Looking at the network of movies connected to other movies if they share a song in common, it's remarkable to see that 35% of movies released over the past 3 decades in these data are indirectly connected together by sharing common songs in their trailers. Put another way, there's a "small world" effect where movie trailers are on average 5.34 songs in common away from any other movie trailer. We can look at what this network of movies connected by songs and see a remarkably complex and inter-connected structure of movies connected to other movies if they share a song in their theatrical trailer.
It's actually remarkable to think that some movie trailers are able to cram in nearly 20 different songs into a 150-second clip. I've tried to watch and listen to a few of these trailers, but I admit I had a hard time counting more than a dozen.
|Resident Evil: Extinction||2007||27|
|Trick 'r Treak||2009||21|
Conversely, some songs are incredibly popular and used across more than a dozen different movie trailers. Some you would recognize immediately and were created by noted composers for other movies, others are much more subtle and designed specifically as trailer music. Interestingly enough, there is an entire specialized industry of music scoring composers, companies, and libraries dedicated solely to producing music for movie trailers!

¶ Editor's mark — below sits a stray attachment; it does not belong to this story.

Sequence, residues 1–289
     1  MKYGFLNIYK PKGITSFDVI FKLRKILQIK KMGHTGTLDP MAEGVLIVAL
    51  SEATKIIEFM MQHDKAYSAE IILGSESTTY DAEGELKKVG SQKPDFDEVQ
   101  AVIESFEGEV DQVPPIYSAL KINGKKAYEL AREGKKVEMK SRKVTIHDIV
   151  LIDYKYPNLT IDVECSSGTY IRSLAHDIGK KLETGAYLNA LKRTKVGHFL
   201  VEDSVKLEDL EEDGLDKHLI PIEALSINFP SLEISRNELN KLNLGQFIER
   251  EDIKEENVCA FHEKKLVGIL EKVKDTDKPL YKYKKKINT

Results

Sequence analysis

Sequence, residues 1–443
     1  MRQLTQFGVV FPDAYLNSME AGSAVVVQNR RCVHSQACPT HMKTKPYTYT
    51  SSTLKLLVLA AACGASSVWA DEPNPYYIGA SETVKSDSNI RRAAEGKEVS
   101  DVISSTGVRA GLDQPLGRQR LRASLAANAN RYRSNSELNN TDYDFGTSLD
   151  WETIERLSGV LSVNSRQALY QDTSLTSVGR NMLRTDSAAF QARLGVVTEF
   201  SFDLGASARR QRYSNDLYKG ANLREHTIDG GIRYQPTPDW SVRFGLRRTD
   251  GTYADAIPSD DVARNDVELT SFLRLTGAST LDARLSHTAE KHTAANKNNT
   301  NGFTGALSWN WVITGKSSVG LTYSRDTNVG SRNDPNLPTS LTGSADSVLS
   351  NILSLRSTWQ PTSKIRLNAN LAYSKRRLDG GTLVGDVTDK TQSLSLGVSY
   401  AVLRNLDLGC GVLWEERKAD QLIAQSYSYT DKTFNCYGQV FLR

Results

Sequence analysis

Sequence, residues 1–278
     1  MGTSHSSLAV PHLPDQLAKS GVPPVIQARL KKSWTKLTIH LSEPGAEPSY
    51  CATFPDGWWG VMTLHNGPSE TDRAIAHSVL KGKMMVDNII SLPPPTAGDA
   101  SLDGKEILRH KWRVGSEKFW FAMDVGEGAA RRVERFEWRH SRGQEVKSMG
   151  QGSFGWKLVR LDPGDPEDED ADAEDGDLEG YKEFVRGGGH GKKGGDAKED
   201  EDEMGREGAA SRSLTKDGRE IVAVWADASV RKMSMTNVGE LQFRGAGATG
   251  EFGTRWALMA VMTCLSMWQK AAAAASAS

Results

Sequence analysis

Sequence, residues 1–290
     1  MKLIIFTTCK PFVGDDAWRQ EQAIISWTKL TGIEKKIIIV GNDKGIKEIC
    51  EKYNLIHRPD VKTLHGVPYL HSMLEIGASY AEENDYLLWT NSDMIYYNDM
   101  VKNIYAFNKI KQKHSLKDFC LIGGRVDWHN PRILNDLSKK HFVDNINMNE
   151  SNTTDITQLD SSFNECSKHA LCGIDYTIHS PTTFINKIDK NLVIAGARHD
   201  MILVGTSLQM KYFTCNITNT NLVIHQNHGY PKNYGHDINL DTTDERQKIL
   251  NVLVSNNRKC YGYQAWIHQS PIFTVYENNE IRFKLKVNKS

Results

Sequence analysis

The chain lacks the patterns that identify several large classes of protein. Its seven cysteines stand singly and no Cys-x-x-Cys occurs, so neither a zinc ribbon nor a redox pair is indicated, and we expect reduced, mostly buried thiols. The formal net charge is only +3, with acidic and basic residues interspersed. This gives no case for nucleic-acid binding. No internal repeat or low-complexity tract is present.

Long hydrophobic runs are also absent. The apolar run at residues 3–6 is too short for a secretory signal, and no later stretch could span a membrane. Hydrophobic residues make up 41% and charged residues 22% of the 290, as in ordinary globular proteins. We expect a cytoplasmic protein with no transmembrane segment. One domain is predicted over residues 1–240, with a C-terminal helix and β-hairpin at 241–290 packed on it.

|Ode to Power||Immediate Music||16|
|Come See the Paradise||Randy Edelman||13|
|Naked Prey||Immediate Music||13|
Looking at the movies released year by year, it is possible to track the average number of songs used in trailers that year as well as which year's songs get referenced the most. There's a tendency for the average trailer to become more complex in their musical scores by incorporating more songs over time. There was an average of just over one song per trailer through the 1980s, rising to over two songs per trailer by 2000, and peaking at an average of three in 2005 before falling back to 2 songs per trailer after 2010. I like to think of this as the "Inception" effect where the single score with a dramatic "WHOOONG" bass note in 2010s trailers has replaced the more frenetic scores with a dozen songs found in mid-2000s Harry Potter trailers, for example.